Wondering about wild grapes

Thursday, November 7, 2013

Better late than never. . .

 Sorry I am late getting my blog posted today but I had a lot of stuff to take care of this morning.  Yesterday I walked out my driveway and took some pictures of what November looks like around my place.  These first two pictures are of the Yaupon:

The scientific name of it is "llex vomitoria".  The last part of that name describes what happens if or when you eat it, if you survive, of course.  I am not sure if it is the male or the female bushes that bloom and put on fruit, but some do and some don't.

 And how about a couple more mushrooms that I missed the other day:

And these I like and they do come in other colors, but they are always two tones.  They are the Texas Lantana:

 I believe they are a wild variety of Abronia, or maybe they just have multiple names.

I hope to be back on schedule tomorrow or maybe I should post later in the day, what do you prefer?  Now, have a great day, what ever is left of it, you hear?


  1. Is it possible to classify male or female bushes??? I have not heard it before. Red color fruit looks so beautiful. Mushrooms are pretty good.

    1. Yes it is, in some species, but don't ask me which is which. I would guess the ones that bear fruit would be the female?

  2. What a shocking red colour, I guess to let you know how dangerous it is. I do love mushrooms to eat, but only when I've bought them from the shop. Don't want to end up down the hospital.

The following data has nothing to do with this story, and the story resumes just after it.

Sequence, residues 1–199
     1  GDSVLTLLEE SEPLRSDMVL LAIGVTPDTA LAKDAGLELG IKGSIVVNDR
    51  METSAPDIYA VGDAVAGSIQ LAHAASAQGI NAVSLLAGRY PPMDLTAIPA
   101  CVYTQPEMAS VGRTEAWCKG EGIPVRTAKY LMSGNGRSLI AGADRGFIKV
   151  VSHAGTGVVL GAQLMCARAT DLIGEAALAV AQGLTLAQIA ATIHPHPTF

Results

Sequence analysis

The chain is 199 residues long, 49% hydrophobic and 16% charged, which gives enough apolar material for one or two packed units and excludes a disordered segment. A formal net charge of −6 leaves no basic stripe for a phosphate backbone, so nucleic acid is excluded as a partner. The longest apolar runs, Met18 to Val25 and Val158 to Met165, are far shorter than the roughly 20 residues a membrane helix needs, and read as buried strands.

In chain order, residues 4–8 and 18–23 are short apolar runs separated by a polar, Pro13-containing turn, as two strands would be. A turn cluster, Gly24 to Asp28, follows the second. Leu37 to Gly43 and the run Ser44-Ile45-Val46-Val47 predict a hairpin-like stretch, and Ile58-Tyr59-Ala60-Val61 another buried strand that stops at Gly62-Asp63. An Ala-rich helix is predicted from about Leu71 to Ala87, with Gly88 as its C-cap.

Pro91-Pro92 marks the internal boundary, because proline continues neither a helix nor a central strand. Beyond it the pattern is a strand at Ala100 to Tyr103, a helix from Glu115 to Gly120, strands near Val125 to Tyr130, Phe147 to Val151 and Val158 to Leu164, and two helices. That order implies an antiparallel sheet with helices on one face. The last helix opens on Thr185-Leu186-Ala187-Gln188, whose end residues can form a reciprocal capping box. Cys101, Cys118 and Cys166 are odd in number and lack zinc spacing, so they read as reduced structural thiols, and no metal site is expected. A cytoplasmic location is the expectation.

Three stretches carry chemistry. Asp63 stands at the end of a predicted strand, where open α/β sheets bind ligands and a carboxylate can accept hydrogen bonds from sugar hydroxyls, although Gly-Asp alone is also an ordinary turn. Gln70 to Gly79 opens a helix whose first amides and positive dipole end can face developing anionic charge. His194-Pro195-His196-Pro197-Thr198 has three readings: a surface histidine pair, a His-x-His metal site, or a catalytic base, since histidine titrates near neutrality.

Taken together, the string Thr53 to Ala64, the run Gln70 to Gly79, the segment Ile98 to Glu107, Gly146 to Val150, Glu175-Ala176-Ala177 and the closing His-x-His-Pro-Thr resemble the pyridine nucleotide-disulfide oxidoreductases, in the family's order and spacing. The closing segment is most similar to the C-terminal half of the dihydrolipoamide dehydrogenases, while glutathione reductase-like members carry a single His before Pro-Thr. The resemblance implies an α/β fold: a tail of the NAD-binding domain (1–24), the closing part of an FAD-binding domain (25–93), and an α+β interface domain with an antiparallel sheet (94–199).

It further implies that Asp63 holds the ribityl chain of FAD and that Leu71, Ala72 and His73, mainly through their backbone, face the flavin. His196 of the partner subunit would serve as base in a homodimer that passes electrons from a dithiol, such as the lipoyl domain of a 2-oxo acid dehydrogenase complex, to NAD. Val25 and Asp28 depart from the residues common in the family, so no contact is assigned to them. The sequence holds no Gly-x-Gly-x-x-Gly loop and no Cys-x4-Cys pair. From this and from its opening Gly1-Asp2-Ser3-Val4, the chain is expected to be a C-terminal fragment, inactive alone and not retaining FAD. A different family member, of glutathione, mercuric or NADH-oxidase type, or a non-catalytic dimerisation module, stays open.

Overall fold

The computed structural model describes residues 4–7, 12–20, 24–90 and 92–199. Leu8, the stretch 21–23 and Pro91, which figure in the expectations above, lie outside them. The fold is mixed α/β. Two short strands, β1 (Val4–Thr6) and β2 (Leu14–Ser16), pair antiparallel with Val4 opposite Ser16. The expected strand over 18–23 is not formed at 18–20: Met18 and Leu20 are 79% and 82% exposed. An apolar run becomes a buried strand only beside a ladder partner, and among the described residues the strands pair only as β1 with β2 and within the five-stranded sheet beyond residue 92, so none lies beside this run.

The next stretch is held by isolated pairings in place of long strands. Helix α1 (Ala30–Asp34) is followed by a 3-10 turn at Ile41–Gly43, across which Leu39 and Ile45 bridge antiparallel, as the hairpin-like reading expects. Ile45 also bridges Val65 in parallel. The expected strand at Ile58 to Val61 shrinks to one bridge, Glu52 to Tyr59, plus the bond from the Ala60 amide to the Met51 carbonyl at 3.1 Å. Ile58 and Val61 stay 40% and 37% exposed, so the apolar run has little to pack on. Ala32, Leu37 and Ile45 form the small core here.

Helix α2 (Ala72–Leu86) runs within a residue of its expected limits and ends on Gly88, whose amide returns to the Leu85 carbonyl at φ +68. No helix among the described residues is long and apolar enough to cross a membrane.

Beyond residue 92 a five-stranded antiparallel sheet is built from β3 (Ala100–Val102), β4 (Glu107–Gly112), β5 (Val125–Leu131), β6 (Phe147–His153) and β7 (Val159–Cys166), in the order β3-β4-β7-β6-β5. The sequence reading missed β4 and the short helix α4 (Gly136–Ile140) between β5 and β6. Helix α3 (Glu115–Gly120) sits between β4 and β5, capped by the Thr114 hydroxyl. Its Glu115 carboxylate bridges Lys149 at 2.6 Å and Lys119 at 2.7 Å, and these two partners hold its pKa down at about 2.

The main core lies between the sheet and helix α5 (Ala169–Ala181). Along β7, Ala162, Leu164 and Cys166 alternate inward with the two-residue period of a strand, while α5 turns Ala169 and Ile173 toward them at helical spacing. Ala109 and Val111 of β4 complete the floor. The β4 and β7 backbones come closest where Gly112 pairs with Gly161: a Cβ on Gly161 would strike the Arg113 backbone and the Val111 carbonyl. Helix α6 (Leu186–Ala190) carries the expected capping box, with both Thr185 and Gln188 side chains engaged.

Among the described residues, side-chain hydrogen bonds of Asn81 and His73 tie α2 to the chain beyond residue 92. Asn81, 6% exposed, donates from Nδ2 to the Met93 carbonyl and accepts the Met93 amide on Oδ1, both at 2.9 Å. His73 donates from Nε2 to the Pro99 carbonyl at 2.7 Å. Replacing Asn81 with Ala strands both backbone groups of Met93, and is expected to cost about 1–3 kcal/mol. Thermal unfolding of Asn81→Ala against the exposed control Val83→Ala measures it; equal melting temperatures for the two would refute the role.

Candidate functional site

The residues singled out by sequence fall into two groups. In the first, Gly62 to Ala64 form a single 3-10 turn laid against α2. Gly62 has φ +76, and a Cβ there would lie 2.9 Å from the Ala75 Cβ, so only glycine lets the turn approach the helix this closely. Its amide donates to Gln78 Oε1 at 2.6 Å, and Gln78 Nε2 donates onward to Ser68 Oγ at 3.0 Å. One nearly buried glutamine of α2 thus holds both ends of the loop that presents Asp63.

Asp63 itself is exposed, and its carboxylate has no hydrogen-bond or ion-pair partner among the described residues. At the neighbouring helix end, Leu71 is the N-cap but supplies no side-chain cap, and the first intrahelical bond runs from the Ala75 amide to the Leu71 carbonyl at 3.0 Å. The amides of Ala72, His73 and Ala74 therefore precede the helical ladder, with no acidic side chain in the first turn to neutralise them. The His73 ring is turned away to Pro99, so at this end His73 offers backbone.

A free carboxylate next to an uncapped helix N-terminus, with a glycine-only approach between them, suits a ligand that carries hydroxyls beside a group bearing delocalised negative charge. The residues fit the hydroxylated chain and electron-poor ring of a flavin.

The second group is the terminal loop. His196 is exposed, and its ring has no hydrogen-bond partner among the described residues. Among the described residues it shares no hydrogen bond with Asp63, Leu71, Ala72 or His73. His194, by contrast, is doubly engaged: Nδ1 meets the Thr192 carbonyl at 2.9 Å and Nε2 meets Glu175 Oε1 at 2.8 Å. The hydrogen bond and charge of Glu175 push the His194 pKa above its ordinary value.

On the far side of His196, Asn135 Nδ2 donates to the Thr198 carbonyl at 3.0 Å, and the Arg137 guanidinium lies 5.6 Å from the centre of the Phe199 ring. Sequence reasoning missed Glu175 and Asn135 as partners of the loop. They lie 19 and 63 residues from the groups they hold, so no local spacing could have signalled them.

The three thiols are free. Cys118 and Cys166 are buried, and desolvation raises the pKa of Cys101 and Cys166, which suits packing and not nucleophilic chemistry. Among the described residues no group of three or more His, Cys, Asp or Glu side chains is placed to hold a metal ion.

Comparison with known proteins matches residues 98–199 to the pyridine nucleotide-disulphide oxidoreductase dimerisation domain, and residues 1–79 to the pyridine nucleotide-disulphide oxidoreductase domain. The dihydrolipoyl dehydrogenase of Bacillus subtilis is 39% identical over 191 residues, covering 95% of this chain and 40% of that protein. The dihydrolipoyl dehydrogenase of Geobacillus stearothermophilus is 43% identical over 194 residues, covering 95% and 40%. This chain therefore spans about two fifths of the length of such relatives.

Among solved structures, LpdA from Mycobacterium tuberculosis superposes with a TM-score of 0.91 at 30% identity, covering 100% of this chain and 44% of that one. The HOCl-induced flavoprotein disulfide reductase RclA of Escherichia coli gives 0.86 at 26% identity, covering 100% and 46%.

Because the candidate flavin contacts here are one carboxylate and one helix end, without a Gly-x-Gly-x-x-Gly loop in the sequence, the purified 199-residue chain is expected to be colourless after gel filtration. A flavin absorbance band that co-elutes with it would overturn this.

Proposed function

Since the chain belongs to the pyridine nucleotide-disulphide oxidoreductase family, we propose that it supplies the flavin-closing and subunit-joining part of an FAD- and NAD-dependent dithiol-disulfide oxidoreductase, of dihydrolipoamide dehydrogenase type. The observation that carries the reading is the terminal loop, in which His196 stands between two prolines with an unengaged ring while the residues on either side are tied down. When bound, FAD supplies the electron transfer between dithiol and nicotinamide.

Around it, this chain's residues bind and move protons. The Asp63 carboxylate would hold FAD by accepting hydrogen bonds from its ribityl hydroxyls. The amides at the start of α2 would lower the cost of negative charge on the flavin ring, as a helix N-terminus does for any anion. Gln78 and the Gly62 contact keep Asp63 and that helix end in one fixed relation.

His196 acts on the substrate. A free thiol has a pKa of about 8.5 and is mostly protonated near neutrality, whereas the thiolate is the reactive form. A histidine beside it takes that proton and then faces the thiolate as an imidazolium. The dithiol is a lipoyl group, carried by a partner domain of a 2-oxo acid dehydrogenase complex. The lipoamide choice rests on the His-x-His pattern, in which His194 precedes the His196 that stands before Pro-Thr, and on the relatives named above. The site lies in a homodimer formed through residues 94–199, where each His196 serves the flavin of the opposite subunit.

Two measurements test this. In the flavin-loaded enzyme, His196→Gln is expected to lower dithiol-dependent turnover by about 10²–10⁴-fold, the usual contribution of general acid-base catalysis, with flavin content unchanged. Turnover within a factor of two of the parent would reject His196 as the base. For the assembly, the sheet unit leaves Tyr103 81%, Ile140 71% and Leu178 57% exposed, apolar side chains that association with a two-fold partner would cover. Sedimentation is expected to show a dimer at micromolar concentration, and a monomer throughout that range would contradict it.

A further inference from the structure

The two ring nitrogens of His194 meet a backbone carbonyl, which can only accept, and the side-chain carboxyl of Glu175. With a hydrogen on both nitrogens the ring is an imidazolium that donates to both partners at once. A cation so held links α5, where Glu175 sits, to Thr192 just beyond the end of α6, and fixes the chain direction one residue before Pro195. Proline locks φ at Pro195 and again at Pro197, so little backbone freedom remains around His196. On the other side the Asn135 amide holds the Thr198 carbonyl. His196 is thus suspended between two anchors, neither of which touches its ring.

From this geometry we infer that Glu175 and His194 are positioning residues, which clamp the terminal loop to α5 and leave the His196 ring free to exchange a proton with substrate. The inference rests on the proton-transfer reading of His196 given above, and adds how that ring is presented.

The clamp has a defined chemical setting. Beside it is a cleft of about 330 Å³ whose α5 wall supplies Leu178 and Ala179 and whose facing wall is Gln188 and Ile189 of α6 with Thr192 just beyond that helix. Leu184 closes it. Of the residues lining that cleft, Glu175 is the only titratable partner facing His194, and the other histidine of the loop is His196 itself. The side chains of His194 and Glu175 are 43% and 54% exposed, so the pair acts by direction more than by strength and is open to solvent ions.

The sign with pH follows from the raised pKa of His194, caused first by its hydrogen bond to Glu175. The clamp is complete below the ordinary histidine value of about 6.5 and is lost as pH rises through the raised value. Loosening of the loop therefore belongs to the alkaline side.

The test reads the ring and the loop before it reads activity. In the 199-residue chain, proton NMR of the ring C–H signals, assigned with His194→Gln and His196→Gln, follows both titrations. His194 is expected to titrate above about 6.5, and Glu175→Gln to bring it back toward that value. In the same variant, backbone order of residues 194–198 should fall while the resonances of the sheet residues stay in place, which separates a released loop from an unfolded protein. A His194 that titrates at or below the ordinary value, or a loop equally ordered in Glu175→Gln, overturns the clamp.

1. The color is quite bright. Red is a warning to stop, right? I used to like to hunt edible wild mushrooms, but now I just take pictures.

  3. The plant was erroneous named and like all holly is only moderately toxic. Birds and animals do eat the fruit and leaves with no ill effects.
    You can but Yaupon Holly Tea which is the milder North American relative of Yerba Mate Holly that is very popular in South America.

    Native Americans used the leaves and stems to brew a tea, commonly thought to be called asi or black drink for male-only purification and unity rituals. The ceremony included vomiting, and Europeans incorrectly believed that it was Ilex vomitoria that caused it (hence the Latin name). The active ingredients, like those of the related yerba mate and guayusa, are actually caffeine and theobromine, and the vomiting either was learned or resulted from the great quantities in which they drank the beverage coupled with fasting.